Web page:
Espresso Boss Soaked for $1M, Prosecutors Say

     MANHATTAN (CN) — For the elderly owner of a Midtown espresso shop, an assistant’s plans to open up open up a retail gelato and pastry store some dozen blocks downtown has left a bitter aftertaste.
     Selvaggia Pizzetti worked as an assistant to the 94-year-old owner of an espresso machine sales and service company on West 44th Street in Manhattan.
     More than half his age, the 43-year-old Pizzetti helped the old man pay his bills and make payments. Prosecutors say she took advantage of that role in transferring $60,000 from his personal bank account to her own in June 2013.
     Months later, Pizzetti filed papers to incorporate a desert shop in Chelsea named Maestri Artigiani and doing business as “Crave.It.”
     Well-reviewed on Yelp, where one happy customer called it a “gem,” the eatery struggled to stay in the black on a bustling stretch of Sixth Avenue. Prosecutors claim that Pizzetti used her boss’s money dozens more times for rent, design, construction and salary expenses.
     Now closed, “Crave.It” apparently got swallowed up by a Jenny Craig weight-loss center, which Google shows at its former address.
     Manhattan District Attorney Cyrus Vance charged Pizzetti on Friday with stealing $1.1 million from her unidentified ex-employer — a process that allegedly involved 22 unauthorized wire transfers over more than three years.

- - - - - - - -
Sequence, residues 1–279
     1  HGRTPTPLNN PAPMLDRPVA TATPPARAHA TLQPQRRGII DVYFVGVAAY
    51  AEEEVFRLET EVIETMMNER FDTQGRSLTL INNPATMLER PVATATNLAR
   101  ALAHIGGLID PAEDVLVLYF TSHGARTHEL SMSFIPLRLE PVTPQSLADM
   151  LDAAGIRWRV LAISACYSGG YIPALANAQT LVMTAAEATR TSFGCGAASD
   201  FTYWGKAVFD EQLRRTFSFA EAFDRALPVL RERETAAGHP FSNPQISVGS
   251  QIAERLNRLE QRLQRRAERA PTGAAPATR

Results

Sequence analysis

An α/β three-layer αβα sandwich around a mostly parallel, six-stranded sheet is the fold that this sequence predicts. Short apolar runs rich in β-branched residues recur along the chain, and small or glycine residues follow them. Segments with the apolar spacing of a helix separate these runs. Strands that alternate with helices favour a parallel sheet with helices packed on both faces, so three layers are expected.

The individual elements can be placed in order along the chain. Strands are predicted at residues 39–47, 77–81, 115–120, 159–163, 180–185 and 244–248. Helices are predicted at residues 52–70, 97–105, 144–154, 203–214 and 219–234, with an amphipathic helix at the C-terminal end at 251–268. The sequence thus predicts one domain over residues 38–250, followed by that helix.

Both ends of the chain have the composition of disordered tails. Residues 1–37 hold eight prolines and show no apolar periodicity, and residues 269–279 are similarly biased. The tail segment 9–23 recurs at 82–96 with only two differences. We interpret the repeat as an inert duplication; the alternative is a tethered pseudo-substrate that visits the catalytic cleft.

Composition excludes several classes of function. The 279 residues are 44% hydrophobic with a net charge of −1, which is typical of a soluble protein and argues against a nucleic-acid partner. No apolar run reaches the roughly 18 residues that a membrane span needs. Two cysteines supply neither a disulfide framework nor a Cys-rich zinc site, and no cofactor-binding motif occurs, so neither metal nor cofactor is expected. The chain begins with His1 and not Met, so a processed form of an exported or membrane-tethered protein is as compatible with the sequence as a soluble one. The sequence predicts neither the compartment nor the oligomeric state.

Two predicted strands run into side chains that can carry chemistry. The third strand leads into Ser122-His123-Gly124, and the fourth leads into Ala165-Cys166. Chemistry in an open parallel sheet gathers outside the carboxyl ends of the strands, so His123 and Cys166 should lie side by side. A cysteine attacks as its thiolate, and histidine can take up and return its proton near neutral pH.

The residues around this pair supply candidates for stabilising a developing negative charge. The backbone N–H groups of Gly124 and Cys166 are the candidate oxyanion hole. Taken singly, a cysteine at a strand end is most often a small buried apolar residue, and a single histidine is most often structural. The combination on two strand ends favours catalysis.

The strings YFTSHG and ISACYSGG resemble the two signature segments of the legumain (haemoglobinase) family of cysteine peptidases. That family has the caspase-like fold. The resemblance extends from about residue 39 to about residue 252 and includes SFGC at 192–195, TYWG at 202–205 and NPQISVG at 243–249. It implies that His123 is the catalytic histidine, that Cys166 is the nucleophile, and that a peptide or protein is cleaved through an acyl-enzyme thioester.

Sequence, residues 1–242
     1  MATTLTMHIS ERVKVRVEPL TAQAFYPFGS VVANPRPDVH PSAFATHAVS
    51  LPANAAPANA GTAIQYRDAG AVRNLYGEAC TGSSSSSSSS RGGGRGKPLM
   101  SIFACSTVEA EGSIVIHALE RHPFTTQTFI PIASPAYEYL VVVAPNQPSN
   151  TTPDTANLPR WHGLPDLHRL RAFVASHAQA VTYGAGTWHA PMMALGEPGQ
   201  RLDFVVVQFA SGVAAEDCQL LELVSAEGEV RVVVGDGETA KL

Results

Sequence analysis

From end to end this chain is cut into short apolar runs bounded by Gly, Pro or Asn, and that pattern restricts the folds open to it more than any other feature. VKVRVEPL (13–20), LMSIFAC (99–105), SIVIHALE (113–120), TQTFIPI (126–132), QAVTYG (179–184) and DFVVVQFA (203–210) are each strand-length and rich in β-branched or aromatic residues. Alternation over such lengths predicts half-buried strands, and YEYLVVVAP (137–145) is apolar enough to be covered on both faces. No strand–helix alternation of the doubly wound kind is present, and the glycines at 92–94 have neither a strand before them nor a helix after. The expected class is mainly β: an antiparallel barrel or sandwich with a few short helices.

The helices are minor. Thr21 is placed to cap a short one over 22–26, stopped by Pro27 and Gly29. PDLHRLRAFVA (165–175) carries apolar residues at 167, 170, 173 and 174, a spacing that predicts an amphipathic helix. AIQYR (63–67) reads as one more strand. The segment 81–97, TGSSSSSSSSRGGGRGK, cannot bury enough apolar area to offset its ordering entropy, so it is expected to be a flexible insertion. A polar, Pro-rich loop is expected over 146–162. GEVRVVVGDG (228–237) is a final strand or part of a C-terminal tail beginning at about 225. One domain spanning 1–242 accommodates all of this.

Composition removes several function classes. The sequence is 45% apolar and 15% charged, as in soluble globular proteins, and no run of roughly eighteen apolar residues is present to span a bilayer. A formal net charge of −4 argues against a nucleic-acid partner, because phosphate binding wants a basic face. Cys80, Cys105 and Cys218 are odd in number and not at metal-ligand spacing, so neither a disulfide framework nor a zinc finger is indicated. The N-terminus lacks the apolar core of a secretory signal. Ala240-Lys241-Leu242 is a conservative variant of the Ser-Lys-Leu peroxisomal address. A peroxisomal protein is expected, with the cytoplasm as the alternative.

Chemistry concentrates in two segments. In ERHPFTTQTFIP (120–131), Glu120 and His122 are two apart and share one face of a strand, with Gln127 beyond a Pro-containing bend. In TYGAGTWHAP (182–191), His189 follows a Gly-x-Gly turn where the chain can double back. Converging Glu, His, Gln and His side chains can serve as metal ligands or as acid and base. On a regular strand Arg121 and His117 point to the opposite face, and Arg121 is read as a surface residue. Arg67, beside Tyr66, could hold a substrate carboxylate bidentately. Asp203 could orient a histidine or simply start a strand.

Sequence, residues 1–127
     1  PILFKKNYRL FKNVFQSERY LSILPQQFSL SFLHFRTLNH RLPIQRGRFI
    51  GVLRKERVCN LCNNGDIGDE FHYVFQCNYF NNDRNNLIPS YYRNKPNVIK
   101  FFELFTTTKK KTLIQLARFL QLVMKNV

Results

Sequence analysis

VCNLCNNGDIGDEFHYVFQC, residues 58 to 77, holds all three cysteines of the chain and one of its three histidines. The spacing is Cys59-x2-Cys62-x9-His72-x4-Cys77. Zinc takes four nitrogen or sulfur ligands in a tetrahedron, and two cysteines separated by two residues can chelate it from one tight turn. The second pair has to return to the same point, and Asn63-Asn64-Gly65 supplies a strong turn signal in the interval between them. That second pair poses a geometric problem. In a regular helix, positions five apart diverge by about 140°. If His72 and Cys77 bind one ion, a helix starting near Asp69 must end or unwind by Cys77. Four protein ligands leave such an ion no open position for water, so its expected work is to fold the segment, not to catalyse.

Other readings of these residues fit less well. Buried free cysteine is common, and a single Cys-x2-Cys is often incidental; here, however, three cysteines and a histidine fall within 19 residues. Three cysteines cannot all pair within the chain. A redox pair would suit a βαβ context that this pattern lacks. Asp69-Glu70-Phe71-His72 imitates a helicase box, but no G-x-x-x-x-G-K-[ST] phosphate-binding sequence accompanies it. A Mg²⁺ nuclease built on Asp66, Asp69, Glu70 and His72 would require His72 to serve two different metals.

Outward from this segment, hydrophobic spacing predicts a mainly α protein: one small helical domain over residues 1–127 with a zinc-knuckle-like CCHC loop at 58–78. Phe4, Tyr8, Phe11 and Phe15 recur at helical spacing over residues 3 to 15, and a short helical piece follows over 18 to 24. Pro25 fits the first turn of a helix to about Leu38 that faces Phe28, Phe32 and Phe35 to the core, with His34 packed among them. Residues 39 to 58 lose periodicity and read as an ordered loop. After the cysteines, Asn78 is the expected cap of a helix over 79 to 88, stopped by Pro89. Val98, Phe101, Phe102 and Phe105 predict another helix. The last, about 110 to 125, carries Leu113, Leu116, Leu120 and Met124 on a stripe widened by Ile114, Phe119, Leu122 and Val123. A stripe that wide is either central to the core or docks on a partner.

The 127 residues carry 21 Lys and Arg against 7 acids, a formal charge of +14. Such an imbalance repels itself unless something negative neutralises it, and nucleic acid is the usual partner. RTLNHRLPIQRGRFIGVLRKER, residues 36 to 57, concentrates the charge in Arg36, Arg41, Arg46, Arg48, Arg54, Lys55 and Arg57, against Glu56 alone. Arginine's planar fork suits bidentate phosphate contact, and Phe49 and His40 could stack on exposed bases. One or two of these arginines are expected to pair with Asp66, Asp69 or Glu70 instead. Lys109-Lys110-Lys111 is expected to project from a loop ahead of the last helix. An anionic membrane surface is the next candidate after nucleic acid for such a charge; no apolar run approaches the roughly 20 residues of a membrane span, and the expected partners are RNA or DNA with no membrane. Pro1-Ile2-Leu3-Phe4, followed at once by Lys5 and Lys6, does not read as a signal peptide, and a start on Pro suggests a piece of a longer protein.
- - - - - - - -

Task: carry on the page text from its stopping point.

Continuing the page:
“This defendant is accused of stealing more than a million dollars from her 94-year-old employer to bankroll a pie-in-the-sky business venture,” Vance announced on Friday.
     Pizzetti’s attorney did not respond to a telephone request for comment.
     Whether intentionally or not, Vance’s pun on “pie in the sky” invokes a long history of revolutionary fervor of workers seizing the wealth of their bosses.
     Joe Hill, an immigrant worker, union folk legend and musician, coined the phrase in his song “The Preacher and the Slave,” a satire of the Salvation Army and organized religion, more generally.
     The Marxist undercurrents of Hill’s tunes reflected his membership in Industrial Workers of the World, a radical union dedicated to the overthrow of global capitalism.
     Sung on picket lines and in union halls, Hill’s most-well-known anthem mocked a morality of low-wage work for afterlife rewards with the refrain: “You will eat, by and by, / In that glorious land in the sky; / Work and pray, live on hay; / You’ll have pie in the sky when you die.”
     To this day, Hill’s admirers believe that verses like these led Utah authorities to frame him on murder charges for which he was executed by firing squad in 1915. He was later immortalized in the poem “I Dreamed I Saw Joe Hill, Last Night,” first set to music by civil-rights icon Paul Robeson and also crooned by Joan Baez at Woodstock.
     Today, Hill’s rallying cry no longer carries its old political implications in popular use, and is generally remembered as a cliche for any harebrained, impractical or unattainable goal.

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